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  • Timely diagnosis of aortic dissection has more life-saving potential than almost any other diagnosis in medicine.

  • Diagnosis can be difficult, requiring high clinical suspicion and quick, efficient use of diagnostic modalities.

  • Clinical clues are the typical pain, incongruous poor tissue perfusion despite hypertension, or evidence of aortic branch occlusion.

  • Emergent control or support of blood pressure and pain is imperative.

  • Urgent CT angiogram or transesophageal echocardiography are preferred means to confirm the diagnosis and detect complications.

  • Distinguishing type A (ascending aorta involved) versus type B (only descending aorta involved) guides definitive treatment.

  • Type A dissection requires emergency cardiac surgical repair.

  • Uncomplicated type B dissection is managed medically.

  • Complicated type B dissection is usually managed with endostenting: surgery is rarely performed.

  • Long-term surveillance and strict control of hypertension are important to identify the need for late intervention and maximize long-term survival.


Aortic dissection occurs much more frequently than previously appreciated and is the most common catastrophe affecting the aorta, occurring two to three times more commonly than acute abdominal aortic aneurysm rupture.1–3 Although the diagnosis is sometimes obvious, the majority of cases are not clear-cut and the patient’s survival will depend on a high index of suspicion by the physician despite myriad clinical presentations. Time is of the essence as the mortality rate is 50% for the first 48 hours without treatment and 85% to 90% over 3 months. The typically hypertensive patient must have blood pressure and pain controlled quickly, followed by rapid diagnosis with definitive imaging and immediate therapy (emergency surgery, endostenting, or medical management).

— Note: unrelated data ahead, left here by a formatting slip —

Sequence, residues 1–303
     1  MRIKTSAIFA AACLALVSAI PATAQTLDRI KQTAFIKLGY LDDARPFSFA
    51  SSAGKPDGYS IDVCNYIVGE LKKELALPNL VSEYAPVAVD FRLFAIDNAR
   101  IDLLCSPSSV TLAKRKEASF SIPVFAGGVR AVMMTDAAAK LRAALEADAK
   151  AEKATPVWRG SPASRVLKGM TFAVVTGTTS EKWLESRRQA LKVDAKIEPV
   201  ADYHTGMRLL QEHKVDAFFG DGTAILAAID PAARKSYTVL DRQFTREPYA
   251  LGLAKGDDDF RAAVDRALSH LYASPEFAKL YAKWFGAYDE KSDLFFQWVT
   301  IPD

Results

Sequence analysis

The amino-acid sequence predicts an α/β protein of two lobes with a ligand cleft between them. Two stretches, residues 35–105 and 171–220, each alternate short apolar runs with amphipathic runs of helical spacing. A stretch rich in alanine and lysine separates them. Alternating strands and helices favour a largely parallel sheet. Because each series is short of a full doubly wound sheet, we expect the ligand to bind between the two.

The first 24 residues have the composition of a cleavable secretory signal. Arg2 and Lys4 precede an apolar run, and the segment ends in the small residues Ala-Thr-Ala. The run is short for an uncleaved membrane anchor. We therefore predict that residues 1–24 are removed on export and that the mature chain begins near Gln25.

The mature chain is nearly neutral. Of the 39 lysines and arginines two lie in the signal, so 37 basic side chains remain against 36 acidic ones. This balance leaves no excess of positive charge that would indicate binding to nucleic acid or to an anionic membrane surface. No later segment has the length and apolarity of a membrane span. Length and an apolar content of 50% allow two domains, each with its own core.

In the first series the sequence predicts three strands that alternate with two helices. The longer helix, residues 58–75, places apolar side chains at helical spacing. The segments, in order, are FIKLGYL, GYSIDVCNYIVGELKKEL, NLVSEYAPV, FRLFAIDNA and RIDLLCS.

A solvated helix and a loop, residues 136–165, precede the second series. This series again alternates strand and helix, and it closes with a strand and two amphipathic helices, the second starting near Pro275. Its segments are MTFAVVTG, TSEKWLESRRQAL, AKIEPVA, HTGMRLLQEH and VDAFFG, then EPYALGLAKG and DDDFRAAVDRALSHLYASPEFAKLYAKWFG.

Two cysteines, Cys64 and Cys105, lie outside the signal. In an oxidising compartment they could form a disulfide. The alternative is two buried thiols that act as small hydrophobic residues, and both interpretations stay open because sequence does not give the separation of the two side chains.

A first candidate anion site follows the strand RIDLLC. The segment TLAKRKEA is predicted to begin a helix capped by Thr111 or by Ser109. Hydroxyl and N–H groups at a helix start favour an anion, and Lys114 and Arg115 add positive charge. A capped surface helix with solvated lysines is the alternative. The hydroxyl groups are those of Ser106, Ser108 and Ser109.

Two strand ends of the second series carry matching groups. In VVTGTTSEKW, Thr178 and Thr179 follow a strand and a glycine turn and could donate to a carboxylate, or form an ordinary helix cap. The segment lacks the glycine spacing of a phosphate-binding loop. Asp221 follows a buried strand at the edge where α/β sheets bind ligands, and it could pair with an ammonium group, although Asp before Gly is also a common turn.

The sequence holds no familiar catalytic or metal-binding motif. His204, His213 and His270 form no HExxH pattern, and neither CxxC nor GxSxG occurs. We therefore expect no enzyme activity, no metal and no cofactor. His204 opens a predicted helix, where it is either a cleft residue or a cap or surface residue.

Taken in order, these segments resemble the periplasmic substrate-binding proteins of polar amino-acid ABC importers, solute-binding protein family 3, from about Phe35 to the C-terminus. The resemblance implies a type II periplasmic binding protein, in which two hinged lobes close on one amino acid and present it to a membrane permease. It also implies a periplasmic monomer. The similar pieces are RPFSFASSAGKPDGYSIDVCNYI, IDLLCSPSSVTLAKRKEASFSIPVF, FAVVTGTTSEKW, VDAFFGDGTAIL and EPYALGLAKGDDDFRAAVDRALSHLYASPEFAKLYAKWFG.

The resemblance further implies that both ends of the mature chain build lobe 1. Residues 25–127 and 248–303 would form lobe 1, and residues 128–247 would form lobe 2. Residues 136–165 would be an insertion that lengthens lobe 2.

Previously, aortic dissections were referred to as dissecting aneurysms, as originally coined by Laënnec. This is a misnomer in that the pathology is a dissecting hematoma that separates the intima and inner layers of the media from the outer medial and adventitial layers (Fig. 41-1B). The intima is not aneurysmal, and is, if anything, narrowed. Blood invades the media through a tear in the intima and proceeds ante- or retrogradely through the aortic wall, forming a false lumen that is usually much bigger than the true lumen (Fig. 41-1).4 In type A dissections (originating in the ascending aorta), the hematoma commonly spirals around the right and posterior aspects of the ascending aorta, supraposteriorly along the arch, and then down the left and posterior aspects of the descending aorta. The hematoma may then produce several serious sequelae (Fig. 41-1D). It may rupture into the pericardial space, causing tamponade, or into the pleural space with exsanguinating hemorrhage, especially in type B dissections (those beginning after the left subclavian artery). This occurs less frequently than expected because the adventitial layer represents 66% of the overall strength of the aortic wall. It may also cause occlusion of aortic branch arteries or prolapse of one or more of the aortic ...

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